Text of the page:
12. Skins and all, or just the seeds? Sorry for the excessively personal questions, but I'm a fan of cardamom and am curious about the various ways in which people use it. Isn't there a thread on Hungry Onion? Et tu, JTF? And after I pointed you to your future in cricket? (My god, the resistance you MFers have to the idea that there's a big world out there -- and that you should go out into it a bit more!) In any case, I'm curious if Stone ground the cardamom with or without the skins on. It's a simple, practical question. If Stone wishes to answer I'd be grateful. If
  13. Skins and all, or just the seeds? Sorry for the excessively personal questions, but I'm a fan of cardamom and am curious about the various ways in which people use it.
  14. 1) Nice cake. 2) Nice-looking cake. Particularly because you jettisoned the original decoration suggestions of whole coffee beans -- there are lawsuits in broken teeth lurking there -- and whole cardamom pods -- there are lawsuits in shattered tastebuds lurking there -- for sensible sprinkles. 3) Did you toast the whole cardamom pods? Then grind the whole ones, or just the seeds? 4) At the risk of annoying the orikle, here's a link to a discussion of another excellent cardamom cake on an even more "moribund" site.
  15. I posted this earlier today in the New York Pizza thread. Edited to add: Looking at the time stamp on my post, that would be earlier yesterday. Yes, I saw the earlier post. .And, no, I was not nuts about Co. (Do like most Sullivan breads though.)
  16. I lied. It's not so hard to like this thread. It's extremely good. (Bookworthy, even -- does anybody read a book in a country whose leader has never read?). (And, that's the problem. There's the obvious contradiction between those largely , but not wholly, knowledgeable people who post here, and the so-called "masses". Consider this donkey thread for example: there's a diverse range of experiences there that you simply don't get here. Yes, you'll get slapped around a bit if you go out but, frankly, it's fun.)
  17. You were a lucky man, Heisenberg. (And really, although I come and go around here, and mock mock mock, you are -- hard to get it out of my throat -- a plus.)
  18. It's essential you see the show in your usual stylish clothing: Cargo pants, bulging with goodies (that's what you Grahamists pray for, isn't it?), with fanny pack on your bulging fannies. Please post pic.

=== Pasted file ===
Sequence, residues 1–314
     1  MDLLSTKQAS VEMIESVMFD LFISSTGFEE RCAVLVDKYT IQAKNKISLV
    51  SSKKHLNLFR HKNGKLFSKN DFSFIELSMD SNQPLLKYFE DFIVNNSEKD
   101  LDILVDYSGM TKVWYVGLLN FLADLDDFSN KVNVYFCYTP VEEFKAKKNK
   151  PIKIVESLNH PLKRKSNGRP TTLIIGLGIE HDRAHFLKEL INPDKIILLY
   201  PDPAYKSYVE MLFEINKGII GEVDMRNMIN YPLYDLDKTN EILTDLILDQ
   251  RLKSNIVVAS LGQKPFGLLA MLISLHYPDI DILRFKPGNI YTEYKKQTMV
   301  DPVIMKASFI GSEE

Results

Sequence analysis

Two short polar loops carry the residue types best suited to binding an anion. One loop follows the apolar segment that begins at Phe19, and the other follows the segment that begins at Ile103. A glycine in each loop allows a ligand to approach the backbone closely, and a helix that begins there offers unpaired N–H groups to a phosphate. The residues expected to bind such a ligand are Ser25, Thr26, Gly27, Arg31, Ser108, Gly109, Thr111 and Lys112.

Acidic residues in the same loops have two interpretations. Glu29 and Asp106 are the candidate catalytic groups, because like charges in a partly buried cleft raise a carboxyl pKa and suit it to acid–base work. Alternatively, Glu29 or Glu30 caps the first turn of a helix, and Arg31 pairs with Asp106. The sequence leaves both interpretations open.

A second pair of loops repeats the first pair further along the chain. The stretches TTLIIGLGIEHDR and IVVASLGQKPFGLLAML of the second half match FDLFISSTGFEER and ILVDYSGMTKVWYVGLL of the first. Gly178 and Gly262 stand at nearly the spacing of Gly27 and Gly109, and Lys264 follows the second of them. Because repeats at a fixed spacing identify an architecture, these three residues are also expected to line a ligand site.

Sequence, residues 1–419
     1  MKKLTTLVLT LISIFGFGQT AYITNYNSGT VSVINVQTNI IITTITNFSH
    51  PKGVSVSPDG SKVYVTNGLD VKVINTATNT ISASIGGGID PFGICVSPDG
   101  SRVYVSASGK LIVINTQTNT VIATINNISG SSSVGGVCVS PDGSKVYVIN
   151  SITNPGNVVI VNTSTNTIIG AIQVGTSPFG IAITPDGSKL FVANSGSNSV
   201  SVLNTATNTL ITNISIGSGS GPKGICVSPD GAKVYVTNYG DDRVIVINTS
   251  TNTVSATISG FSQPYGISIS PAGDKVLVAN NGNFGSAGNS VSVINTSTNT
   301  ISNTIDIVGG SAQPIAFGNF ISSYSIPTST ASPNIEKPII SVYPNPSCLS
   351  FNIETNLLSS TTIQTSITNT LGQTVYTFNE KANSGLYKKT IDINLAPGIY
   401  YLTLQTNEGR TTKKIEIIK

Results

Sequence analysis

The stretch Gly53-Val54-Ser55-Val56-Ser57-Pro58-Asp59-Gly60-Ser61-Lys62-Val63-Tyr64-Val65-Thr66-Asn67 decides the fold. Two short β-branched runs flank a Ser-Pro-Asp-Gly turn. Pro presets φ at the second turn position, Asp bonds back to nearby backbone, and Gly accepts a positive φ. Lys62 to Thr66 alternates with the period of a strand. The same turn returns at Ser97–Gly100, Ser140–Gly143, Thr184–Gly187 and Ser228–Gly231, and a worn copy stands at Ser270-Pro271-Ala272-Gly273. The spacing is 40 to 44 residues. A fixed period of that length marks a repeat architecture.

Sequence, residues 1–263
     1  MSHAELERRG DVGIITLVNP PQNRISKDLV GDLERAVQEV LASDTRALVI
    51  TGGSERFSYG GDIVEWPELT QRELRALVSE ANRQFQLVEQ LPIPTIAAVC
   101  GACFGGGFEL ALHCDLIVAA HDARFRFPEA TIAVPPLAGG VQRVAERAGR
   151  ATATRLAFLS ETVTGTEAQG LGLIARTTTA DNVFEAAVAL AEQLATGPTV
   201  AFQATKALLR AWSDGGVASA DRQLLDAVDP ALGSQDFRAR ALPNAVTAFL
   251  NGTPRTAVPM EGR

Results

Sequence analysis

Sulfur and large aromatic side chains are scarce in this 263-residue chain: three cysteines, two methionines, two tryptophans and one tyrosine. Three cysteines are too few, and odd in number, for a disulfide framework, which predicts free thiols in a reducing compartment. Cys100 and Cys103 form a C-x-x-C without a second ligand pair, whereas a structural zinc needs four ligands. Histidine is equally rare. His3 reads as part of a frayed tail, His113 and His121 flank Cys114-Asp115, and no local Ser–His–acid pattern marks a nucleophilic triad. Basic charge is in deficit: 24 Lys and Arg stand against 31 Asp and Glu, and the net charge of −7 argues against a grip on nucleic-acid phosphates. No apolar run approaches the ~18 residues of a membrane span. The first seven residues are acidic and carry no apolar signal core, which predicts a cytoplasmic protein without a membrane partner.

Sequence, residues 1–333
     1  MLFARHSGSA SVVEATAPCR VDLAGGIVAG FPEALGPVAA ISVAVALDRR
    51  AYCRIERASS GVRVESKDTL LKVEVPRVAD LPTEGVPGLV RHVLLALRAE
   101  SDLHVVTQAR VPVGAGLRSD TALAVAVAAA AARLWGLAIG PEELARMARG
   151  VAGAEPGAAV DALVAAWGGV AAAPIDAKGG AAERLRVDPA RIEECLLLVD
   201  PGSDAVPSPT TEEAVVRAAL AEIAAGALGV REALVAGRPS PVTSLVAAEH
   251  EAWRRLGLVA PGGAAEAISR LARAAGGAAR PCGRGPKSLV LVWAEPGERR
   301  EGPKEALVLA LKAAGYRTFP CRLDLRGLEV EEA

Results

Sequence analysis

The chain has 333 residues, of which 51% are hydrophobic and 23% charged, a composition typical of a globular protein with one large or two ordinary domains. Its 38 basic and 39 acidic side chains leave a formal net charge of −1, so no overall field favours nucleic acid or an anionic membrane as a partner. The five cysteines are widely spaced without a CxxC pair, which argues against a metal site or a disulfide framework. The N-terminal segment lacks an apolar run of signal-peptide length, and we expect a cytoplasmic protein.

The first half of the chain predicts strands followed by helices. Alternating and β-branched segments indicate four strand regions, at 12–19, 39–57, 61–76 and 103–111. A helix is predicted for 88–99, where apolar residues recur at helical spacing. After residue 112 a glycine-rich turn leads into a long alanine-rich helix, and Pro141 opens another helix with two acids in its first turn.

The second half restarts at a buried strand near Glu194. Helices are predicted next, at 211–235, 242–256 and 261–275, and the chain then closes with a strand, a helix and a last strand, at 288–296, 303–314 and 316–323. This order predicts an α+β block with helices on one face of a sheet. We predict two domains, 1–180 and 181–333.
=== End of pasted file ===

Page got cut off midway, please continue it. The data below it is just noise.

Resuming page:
19. "But I'll look into cricket - it's never too late, is it?" Never too late for cricket. When my wife went to her first cricket match at Columbia (the U), she asked when the game would begin. She was told it had been on for an hour.
  20. Nice story, but did she really call you "[sneak]", square brackets and all? Not "Mr. Sneak"? "Sir Sneak"? "Sneak Esq."?, "Rabbi Sneak"?
  21. No, no. This stuff was quite palatable. On "not drinking enough", when was the first time? Were you twelve?
  22. Man, you're not drinking enough. (And I say this as an admirer of your column -- no, not that one [get your mind out of the gutter], but this thread, which is essentially your counterpart to Asimov's $20 and under -- although you do show price creep/leap in your "rest of us" selections.*) * Maybe MF should have a "rest of the rest of us" thread discussing wine from big cardboard boxes with plastic taps -- and yes, I have imbibed such in Gernany. (Is that thud the sound of Orikle falling off his pedestal and fainting? Quick, the smelling salts.)
  23. "you get a good deal of wine for $15 or so" As in a Nebuchadnezzar? Or just a paltry Balthazar?
  24. Doesn't the brain find ways to figure out depth perception even without two-eye-parallax? A great cricketer, Mansur Ali Khan (the Nawab of Pataudi -- while princely titles still existed in India) lost an eye in a car accident when he was 20. That didn't stop him from batting for India, often brilliantly, and fielding, always brilliantly. One of my fondest boyhood memories is "Tiger Pataudi", as we called him, taking a catch off a lofted ball: he took one look to assess the trajectory, then ran with fluid, unhurried grace, without looking up again, to where he'd judged the ball would
  25. It would seem a simple matter to carry a circular cookie cutter to these too-big-burger joints of radius exactly 1/sqrt[2] that of the t-b-b's burger. Then you can halve your burger, and aesthetically eat it too.